Overall, the Production Ratio appears to be one good indicator for how good a college player could be at the NFL level. Of course, there are a multitude of other factors that determine how well a prospect will do both at the college and NFL level, but the correlation between college production and NFL production is strong enough to take a long hard look at the 2012 class using that stat. Before we go there though, here's what the College Production Ratios for the Cowboys OLBs look like:
|Draft Round / Pick||Player||School||Sks||TFL||Games||Production Ratio|
|Round: 1 / Pick: 11||
|Round: 1 / Pick: 26||
|Round: 4 / Pick: 110||Victor Butler||Oregon St.
|Undrafted||Alex Albright||Boston College||14||30||30||1.47|
What stands out immediately here is Ware's very high Production Ratio in college, which obviously translated well into the NFL. If we take last year's OLB rookies and the current Cowboys OLBs as a baseline, this would suggest that the threshold for a successful NFL OLB is probably somewhere around the 1.4-1.5 mark, while a score closer to 2.0 could be an indication that a prospect has a good chance of becoming a very good OLB in the NFL.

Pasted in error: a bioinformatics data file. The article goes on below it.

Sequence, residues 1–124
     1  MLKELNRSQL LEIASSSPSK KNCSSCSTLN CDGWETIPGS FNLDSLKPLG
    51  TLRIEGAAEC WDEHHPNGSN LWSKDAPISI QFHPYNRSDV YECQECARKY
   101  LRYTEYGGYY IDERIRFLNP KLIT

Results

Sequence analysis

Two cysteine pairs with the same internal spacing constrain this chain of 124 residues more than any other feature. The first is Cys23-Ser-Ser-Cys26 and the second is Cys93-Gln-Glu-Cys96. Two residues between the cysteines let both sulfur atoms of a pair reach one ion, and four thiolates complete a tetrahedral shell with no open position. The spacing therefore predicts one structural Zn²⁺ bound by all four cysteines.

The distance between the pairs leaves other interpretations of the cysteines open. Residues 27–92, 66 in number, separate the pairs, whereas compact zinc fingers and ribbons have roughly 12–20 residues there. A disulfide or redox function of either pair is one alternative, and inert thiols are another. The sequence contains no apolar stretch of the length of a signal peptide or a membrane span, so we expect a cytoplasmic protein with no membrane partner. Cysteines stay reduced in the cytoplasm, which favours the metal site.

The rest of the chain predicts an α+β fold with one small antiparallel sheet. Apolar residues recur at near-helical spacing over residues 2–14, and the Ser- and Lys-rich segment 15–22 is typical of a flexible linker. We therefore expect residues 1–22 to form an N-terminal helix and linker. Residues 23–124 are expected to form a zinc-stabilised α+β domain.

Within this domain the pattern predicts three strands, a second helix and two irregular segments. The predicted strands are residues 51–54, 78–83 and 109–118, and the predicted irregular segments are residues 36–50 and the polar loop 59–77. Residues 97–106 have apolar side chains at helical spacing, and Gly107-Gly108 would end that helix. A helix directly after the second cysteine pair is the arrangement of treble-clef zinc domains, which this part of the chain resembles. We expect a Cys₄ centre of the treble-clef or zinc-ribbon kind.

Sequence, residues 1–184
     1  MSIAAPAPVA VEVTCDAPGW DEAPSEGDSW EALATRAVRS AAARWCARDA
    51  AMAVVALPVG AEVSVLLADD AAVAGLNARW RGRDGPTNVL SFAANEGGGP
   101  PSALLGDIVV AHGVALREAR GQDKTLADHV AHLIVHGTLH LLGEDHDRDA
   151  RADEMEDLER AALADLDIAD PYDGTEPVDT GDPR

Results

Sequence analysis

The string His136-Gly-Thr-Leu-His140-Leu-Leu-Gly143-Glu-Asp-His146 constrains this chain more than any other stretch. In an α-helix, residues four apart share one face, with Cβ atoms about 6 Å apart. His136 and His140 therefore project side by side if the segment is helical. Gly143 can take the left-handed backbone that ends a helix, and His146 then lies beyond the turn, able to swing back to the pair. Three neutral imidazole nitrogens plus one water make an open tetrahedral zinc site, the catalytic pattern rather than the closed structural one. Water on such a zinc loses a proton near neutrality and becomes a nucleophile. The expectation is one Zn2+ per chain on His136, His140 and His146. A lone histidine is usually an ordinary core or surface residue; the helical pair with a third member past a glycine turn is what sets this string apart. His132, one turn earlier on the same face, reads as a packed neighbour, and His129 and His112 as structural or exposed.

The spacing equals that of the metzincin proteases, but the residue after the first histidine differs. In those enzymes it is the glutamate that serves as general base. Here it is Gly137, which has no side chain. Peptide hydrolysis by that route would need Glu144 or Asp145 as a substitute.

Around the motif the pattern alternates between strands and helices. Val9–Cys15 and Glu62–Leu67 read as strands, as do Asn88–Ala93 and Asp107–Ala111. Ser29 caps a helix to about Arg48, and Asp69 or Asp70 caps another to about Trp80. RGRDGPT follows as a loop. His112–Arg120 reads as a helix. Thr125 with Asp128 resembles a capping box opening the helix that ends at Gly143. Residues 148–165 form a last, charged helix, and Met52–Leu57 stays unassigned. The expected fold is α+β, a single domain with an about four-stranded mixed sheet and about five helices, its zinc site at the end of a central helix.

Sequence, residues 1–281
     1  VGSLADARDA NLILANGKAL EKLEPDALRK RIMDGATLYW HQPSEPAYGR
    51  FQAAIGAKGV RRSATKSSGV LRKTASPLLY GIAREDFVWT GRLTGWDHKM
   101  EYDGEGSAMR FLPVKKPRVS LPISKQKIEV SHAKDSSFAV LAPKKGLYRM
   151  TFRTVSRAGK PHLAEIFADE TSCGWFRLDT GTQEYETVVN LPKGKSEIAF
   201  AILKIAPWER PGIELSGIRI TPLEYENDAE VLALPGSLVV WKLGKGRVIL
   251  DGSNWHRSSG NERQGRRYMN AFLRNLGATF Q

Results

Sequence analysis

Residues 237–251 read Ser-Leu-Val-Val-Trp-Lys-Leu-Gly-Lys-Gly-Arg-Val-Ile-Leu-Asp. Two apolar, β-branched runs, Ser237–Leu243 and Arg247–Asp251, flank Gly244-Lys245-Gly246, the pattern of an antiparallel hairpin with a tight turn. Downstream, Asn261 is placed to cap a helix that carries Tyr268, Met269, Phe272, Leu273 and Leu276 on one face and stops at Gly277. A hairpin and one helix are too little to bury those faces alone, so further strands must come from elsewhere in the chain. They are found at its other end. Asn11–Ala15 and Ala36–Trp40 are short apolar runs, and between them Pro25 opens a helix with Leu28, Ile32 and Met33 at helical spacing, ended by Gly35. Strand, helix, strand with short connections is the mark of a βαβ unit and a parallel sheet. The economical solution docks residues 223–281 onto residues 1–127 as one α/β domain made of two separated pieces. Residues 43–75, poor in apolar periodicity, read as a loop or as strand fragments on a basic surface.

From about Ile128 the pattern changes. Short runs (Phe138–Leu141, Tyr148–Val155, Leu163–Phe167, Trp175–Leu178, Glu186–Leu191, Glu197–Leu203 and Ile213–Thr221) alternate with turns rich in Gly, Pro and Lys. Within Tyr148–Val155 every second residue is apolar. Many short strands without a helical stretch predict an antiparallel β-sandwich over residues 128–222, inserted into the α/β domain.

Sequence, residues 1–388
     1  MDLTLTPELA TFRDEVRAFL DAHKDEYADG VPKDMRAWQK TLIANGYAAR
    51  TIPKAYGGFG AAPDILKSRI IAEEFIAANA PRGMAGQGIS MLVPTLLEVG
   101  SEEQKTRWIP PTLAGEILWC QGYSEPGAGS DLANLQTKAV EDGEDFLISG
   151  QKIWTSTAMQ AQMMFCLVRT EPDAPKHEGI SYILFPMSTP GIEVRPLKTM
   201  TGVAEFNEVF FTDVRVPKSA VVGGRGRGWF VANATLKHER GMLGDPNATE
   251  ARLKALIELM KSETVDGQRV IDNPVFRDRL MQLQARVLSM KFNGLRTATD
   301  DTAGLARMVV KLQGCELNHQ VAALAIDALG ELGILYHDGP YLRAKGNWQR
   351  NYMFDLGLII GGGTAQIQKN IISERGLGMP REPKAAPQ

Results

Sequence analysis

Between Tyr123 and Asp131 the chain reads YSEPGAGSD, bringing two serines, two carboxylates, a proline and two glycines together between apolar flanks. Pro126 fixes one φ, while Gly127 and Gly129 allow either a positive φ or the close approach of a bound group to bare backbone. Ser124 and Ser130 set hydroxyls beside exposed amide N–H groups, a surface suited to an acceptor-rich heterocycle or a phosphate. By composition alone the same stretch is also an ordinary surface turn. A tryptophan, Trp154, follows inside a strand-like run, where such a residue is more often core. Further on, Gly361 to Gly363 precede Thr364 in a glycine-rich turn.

2012 Outside Linebackers
Now on to this year's draft class. The following table shows the current top-ranked outside linebackers, sorted by their CBS Draft Rankings (OVR is the overall ranking on the CBS big board from January 16th).
|12||Quinton Coples||North Carolina||6-6||285||24||40.5||50||1.29|
|14||Melvin Ingram||South Carolina||6-2||276||21||30.5||50||1.03|
|55||Bruce Irvin||West Virginia||6-3||245||22.5||29||26||1.98|
|162||Shea McClellin||Boise St.||6-3||258||19.5||32||49||1.05|
|167||Darius Fleming||Notre Dame||6-2||255||15.5||32.5||50||0.96|
|181||Olivier Vernon||Miami (FL)||6-4||265||9||21||30||1.00|
|205||Jack Crawford||Penn St.||6-5||265||14||26||48||0.83|
|207||Kyle Wilber||Wake Forest||6-5||240||13.5||35.5||43||1.14|
|232||Julian Miller||West Virginia||6-4||268||27.5||42.5||52||1.35|
Two things stand out here. At first glance, based on these Production Ratios, this does not look to be a promising draft class for playmaking outside linebackers. Only three players, Irvin, Curry and Massaquoi have a Production Ratio above 1.4 and some of the more highly touted prospects have downright awful values.
The second thing that stands out is that two out of the top three players, Irvin, and Massaquoi have recorded only about half the games most of their peers have. This brings us back to last year's draft class. Aldon Smith had the best production ratio among OLBs (2.00) after playing only 23 college games, and J.J. Watt rated as the best defensive end (1.85). Watt started his college career at Central Michigan as a tight end before moving to Wisconsin for his final two years and 26 games as a defensive end.